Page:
12. I try to identify any fossils on my own before I post it on here, that's how I learn! Anyway, I found these three shark teeth while pre-washing the matrices from Kiowa Formation (Location: Ellsworth county, Kansas. Age: Albian). A couple of them came loose during pre-washing and I found another one still in the matrix. Tooth #1: Is this tooth from Meristodonoides sp.? The views are from front and back of this tooth. Approximately 2mm long. Tooth #2: Is this also from Meristodonoides sp.? Approximately 3mm long. Tooth #3: Is this from Leptostyrax sp.? Front and back views of this tooth. Approximately 6mm long.
  13. Fish tooth #2?

    I named this topic as Fish tooth #2? because this fossil is very similar to my another fossil in a previous topic a while ago. Nobody really have any consensus on what it is and I thought it might be a fish tooth. I hope I will be lucky this time to have someone identify it for me with confidence. Located in Ellsworth county, Kansas, age of Albian, and from Kiowa Formation. It's approximately 4mm long. I know identifying specimens from Kiowa Formation can be a real pain since it's so little researched! lol...
  14. I found these that resembles burrow or root cast in Ellsworth county, Kansas, USA from my previous trip. The formation these came from are most likely Kiowa formation/Kiowa Shale and the age is Albian. Here's the link to my previous trip. I'm just catching up with the prepping and sorting my fossils from my previous trips. I am wondering if it is some sort of ichnofossils. Is it burrow, root cast, or something else? Also, is it possible for it to be from geological origin rather than a true ichnofossil? This one is the largest I found. The center is poorly cemented sandstone and can be easily brushed off with a toothbrush while the outside layer is hard. Notice the winkles around the interior bend. The measurement is in inches (I know I need to get a metric system badly, my apologies!)
  15. The past two weeks I have made three trips to hunt for fossils, particularly from Kiowa formation/Kiowa shale here in Kansas. The first trip were local: the outcrop in my hometown, Salina. The next two trips were in Ellsworth county, Kansas; which, is only about 30 miles/48 km away from Salina. My first trip to the local outcrop were not productive: I knew it is relatively non-fossiliferous and never found any fossils there despite of growing up in this town and visiting this area all of my life. It wasn't until two weeks ago (March 25th, 2020) that I have found my first fossil from there and I'm pretty certain it's planolites burrows. The second and third trips in Ellsworth county were quite productive! I have found mostly plant and shellfish fossils but also found few trace, vertebrae and tooth fossils. The area where I found these would be underwater when the reservoir level is high. I have so much to do the basic prep for the next several weeks... My first trip to the local outcrop in Salina, Kansas, and found a fossil containing planolites-like burrows.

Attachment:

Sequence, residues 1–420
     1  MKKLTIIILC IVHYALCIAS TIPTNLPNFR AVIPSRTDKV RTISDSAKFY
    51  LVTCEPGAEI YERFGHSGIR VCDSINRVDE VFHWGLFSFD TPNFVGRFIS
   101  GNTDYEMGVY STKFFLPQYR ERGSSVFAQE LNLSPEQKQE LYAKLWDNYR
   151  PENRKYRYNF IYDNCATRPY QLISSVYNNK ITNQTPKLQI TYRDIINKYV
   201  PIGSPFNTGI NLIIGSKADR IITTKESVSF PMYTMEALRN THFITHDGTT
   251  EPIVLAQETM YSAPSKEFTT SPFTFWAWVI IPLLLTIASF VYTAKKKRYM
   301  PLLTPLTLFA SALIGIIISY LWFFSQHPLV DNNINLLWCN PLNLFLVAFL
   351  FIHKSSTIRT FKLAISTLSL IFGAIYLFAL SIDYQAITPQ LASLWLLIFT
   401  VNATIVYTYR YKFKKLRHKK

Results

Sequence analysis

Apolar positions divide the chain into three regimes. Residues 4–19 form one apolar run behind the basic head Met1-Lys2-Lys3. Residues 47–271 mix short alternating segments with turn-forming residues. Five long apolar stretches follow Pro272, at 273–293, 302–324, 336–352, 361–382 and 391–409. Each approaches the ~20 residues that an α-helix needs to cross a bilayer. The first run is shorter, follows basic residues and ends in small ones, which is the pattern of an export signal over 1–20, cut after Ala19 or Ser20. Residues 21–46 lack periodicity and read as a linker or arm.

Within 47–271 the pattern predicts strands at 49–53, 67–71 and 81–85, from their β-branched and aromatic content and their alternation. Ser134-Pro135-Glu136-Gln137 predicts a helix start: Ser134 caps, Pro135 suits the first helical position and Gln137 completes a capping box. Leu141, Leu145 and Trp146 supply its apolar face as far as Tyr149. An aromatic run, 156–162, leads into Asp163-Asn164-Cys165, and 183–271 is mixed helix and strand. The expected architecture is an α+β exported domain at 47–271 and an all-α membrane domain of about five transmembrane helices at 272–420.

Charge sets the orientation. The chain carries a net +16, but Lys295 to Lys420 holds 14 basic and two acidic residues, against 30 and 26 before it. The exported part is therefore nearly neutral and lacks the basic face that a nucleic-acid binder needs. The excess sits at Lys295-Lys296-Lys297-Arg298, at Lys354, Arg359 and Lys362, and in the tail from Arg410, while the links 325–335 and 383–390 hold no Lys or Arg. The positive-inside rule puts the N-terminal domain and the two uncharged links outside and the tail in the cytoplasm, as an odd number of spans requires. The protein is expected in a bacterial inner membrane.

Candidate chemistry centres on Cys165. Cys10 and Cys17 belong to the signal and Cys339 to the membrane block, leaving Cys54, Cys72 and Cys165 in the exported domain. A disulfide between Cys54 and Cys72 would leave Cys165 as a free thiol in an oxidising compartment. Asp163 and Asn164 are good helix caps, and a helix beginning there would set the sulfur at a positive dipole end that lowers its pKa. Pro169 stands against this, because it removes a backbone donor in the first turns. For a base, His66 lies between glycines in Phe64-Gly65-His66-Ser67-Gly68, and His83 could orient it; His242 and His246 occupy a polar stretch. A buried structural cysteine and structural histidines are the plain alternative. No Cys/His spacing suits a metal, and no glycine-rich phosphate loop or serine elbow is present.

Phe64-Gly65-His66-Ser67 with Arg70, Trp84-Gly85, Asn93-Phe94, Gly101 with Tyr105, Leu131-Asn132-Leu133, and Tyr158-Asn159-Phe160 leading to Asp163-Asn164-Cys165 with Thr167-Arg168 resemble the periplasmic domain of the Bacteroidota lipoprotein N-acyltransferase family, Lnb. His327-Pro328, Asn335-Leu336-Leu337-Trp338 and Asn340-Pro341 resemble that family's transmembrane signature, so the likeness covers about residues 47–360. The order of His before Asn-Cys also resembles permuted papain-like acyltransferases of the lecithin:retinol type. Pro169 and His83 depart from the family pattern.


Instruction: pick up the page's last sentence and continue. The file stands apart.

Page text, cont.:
16. Interesting fossil

    I found this very interesting fossil yesterday and I do not know what it is. Found it in Ellsworth County by Kanopolis reservoir. It's from Kiowa formation/Kiowa Shale and age is Albian. Dimension is 5/16 inches wide and 3/8 inches long or about 8 mm wide and 9.5mm long. I have never seen anything like this before and I hope somebody else have an idea what it came from!
  17. Fish tooth?

    I found this matrix containing something that reminds me of the fossilized fish tooth pictures that I have seen around on here. When I noticed this, I chipped this matrix section off of a larger shell hash plate containing mostly Turritella sp. and bivalves. Its original location is in Ellsworth county, Kansas at Kanopolis reservoir. Age of this matrix is Albian and it is from Kiowa formation-Longford Member. Length of this 'tooth' is about .25 inches/6.5 mm. Can anyone identify what it is? It is currently soaking in a bowl of water, I hope to remove more of the matrix off to get a better look at it. Do you have any advice/tips on how to do it without breaking the 'tooth'? As you can see it, it's very small and I have nearly no experience in prepping the fossils beyond the washing and brushing with toothbrush.
  18. Planolites burrows?

    I went to the local outcrop in my hometown and found this matrix. At first I thought it was broken crinoid segments but after giving it two baths and two good scrubbing with a toothbrush, the details are much clearer and now I doubt it is crinoidal. Perhaps it is Planolite burrows? I think this matrix is of Longford Member, Kiowa formation, Albian. The outcrop I found this matrix at is mostly the Wellington formation, Permian; but it is topped by Kiowa formation and I found it near at the top of this outcrop. I would like to hear your opinions, thanks!